Global Champagne sales are fizzing: Richard Esling, January 12

The kids are back at school, the festivities are over once more and some semblance of normality redescends upon us, in spite of the continuing problems with Omicron.

Global Champagne sales are soaring
Global Champagne sales are soaring

At least Christmas ‘happened’ this year as opposed to the disappointments of the previous year.

And it seems that everyone was in a mood to celebrate, albeit cautiously. If sales of Champagne are anything to go by, it appears the world was ready to crack open that extra bottle or two in the company of friends and family.

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As reported in The Drinks Business recently, the total turnover for Champagne in 2021 was on course to reach a record high of over €5.5billion euros, which is 10 per cent higher than the previous pre-pandemic peak in 2019. The extraordinary figure in view of the continuing pandemic, results from a combination of quantity and quality. Jean-Marie Barillère, president of the Union des Maisons de Champagne, estimates that shipments of champagne in 2021 were around 320million bottles, while there has also been an aspect of ‘trading up’ with consumers treating themselves to the more expensive brands and cuvées.

During this exceptional resurgence of Champagne sales after the gloom of 2020, the varied champagne producers have fared differently in 2021. The great Champagne houses such as Veuve Clicquot, Pol Roger, Louis Roederer and others, were caught out by the rapid increase in demand. So much so that some brands or cuvées were in short supply or out of stock in some markets, caused principally by distribution issues, together with the lead time necessary in production. Many of the lesser-known brands, such as those sold in the supermarkets or discounters, have fared well and it was reported recently that Veuve Monsigny sold by Aldi was the second most popular Champagne after Moët et Chandon. Indeed, many of the Champagnes sold by the multiple retailers have sold well, resulting from a combination of keen pricing – many around the £14 per bottle mark – and good quality, underpinned by awards from the top wine competitions such as IWC and IWSC.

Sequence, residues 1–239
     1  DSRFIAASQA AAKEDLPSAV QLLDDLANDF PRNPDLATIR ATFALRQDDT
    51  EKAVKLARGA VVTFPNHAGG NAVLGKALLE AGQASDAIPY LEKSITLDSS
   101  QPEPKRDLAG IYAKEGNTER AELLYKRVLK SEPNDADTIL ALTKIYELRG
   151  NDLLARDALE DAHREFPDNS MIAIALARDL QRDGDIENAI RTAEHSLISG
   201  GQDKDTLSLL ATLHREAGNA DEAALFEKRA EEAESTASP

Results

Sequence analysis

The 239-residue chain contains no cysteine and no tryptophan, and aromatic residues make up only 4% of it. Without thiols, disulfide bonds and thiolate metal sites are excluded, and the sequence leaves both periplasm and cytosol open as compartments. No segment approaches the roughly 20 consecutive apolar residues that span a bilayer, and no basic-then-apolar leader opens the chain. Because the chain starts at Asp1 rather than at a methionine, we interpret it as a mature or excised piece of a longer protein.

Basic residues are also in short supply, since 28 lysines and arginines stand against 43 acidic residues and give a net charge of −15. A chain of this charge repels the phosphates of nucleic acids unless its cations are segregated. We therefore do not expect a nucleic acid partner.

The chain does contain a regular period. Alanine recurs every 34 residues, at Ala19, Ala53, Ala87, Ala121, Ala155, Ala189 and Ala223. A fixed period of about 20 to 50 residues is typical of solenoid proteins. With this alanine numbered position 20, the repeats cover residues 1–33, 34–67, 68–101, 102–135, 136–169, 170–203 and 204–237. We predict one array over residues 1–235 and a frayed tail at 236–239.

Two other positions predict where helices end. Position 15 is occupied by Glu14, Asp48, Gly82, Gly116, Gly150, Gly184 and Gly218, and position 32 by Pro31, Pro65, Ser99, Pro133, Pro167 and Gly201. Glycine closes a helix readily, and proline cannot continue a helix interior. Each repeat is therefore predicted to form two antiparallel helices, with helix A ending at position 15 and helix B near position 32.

Other producers who have benefitted from the upsurge in demand and supply problems from the top houses, are the co-operatives, producing consistently good quality Champagne in the mid-price range. Champagne de Barfontarc, located in Baroville in the southern Aube region, has seen its sales go through the roof, creating its own stock problems from lack of materials, such as packaging, and unprecedented sales of the top expensive cuvées.

With the calmer post-festive period now upon us, producers will have the time to restock and take time to forward plan in light of the higher level of demand for Champagne across the board and across the world. Counter intuitively, the pandemic has been good for Champagne, proving above all that quality is one of the most enduring attributes of any product. Time to pop another cork, toast the new year and look forward to better things to come in terms of global health. In the words of Oscar Wilde: “Only the unimaginative can fail to find a reason for drinking Champagne.”